The Internet Freedom Fellows program brings human rights activists from across the globe to Geneva, Washington, and Silicon Valley to meet with fellow activists, U.S. and international government leaders, and members of civil society and the private sector engaged in technology and human rights. A key goal of the program is to share experiences and lessons learned on the importance of a free Internet to the promotion of freedom of expression and freedom of assembly as fundamental human rights.
Communication shapes the way societies are built and every person should have the right to express his/her ideas, feelings and emotions as well as hopes for the future. The protection of an individual’s right to freedom of expression and assembly is an integral part of a free and democratic society where these rights are essential human rights. In the beginning of 21st century a new challenge facing all societies is Internet Freedom. Ensuring that individuals have the same rights of freedom of expression and assembly on the Internet as they are entitled to elsewhere is one of the human rights challenges of the present moment. More about the program.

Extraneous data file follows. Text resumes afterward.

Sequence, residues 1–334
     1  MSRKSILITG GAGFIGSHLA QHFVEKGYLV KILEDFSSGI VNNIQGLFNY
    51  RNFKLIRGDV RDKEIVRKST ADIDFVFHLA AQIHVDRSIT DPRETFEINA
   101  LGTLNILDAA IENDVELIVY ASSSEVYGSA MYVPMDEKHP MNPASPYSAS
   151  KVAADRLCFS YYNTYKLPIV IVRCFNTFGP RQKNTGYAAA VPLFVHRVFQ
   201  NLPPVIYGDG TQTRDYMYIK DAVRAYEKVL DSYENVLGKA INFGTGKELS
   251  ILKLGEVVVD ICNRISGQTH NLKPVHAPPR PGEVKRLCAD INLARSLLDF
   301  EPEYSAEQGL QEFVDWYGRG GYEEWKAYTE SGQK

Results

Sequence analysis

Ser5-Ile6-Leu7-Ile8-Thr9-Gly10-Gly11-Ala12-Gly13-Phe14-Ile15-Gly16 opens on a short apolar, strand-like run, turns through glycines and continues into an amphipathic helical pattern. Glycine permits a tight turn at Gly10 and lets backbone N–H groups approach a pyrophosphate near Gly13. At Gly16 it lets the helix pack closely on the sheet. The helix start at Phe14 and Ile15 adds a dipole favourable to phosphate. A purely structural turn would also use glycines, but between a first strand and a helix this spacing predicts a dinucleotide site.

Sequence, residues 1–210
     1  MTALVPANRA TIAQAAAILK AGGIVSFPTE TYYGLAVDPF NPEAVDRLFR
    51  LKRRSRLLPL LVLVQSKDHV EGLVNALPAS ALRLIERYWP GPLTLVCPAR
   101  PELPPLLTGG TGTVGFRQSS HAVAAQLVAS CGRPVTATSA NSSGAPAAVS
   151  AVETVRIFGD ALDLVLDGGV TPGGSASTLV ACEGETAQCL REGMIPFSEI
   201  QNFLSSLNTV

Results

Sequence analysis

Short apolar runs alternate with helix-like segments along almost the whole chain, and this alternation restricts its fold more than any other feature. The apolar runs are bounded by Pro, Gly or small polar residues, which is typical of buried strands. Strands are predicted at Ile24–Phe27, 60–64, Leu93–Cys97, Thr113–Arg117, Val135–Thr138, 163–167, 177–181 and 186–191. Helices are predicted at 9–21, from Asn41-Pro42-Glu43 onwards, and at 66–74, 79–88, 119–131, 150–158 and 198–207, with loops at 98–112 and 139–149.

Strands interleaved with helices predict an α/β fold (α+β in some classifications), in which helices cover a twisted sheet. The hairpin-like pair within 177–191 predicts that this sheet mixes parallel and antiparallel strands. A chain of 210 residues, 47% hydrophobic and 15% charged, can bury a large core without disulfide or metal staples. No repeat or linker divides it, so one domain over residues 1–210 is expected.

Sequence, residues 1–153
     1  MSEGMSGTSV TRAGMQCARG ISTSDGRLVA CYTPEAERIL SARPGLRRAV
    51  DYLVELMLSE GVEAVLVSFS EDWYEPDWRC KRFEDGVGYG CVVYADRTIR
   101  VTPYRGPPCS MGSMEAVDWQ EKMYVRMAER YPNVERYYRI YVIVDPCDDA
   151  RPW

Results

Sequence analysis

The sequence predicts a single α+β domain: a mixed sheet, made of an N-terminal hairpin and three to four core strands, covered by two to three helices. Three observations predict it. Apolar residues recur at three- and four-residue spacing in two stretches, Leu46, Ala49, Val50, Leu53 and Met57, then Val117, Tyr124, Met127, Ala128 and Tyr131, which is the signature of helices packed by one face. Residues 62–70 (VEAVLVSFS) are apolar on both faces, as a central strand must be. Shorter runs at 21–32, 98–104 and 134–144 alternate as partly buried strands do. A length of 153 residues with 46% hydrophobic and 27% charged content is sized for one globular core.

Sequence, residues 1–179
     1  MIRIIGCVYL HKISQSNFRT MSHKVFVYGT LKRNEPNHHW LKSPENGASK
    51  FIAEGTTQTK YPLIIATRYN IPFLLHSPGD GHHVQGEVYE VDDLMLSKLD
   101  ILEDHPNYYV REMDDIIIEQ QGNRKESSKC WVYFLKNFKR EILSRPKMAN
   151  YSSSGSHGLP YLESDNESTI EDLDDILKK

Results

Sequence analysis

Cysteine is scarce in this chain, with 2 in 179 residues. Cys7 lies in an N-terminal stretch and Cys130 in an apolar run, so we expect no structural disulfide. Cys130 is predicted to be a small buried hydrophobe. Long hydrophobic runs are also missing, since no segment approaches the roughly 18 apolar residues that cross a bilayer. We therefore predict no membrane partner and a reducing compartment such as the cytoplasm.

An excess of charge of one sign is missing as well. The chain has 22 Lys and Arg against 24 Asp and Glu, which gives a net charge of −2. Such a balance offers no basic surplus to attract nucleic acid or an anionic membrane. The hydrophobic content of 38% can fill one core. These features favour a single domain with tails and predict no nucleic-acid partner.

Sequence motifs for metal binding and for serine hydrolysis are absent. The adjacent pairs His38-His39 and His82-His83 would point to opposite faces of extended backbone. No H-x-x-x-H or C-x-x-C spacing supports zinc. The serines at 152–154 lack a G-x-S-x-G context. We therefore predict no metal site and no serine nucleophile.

For the March 4-15, 2013 program, we organized a full program of events in Geneva, Washington D.C. and at Stanford University in California. Many Internet Freedom Fellows program events are open to the interested public. See the events page for further details. Launched in 2011, the Internet Freedom Fellows program is an initiative of the U.S. Mission to the United Nations in Geneva.
Core partners for the 2013 Program were digital communications expert John Horniblow; gMedia, a Geneva based NGO which works to empower media to further civil society goals; and Meridian International Center, a Washington D.C. based NGO promoting international understanding through exchange programs. We also collaborated with the Internet Society and with Stanford University’s Center for International Security and Cooperation for specific events during the program.